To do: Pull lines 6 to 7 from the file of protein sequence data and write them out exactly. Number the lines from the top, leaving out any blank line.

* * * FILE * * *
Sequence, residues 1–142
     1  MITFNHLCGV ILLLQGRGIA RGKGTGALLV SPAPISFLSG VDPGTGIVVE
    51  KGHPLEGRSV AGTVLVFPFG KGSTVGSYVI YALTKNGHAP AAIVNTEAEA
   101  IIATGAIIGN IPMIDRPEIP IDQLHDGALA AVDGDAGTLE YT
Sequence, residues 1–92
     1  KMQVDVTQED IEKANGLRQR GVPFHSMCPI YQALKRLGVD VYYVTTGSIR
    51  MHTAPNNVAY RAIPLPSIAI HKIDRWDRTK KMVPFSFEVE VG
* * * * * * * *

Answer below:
     1  KMQVDVTQED IEKANGLRQR GVPFHSMCPI YQALKRLGVD VYYVTTGSIR
    51  MHTAPNNVAY RAIPLPSIAI HKIDRWDRTK KMVPFSFEVE VG